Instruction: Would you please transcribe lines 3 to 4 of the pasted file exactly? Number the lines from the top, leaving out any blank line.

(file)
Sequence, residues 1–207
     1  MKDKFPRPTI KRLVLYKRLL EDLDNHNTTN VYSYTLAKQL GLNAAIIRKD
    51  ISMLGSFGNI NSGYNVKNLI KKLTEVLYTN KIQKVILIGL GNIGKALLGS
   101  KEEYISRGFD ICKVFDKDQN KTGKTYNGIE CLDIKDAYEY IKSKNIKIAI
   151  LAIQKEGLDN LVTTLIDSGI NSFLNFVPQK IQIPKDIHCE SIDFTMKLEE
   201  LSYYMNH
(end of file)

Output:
    51  ISMLGSFGNI NSGYNVKNLI KKLTEVLYTN KIQKVILIGL GNIGKALLGS
   101  KEEYISRGFD ICKVFDKDQN KTGKTYNGIE CLDIKDAYEY IKSKNIKIAI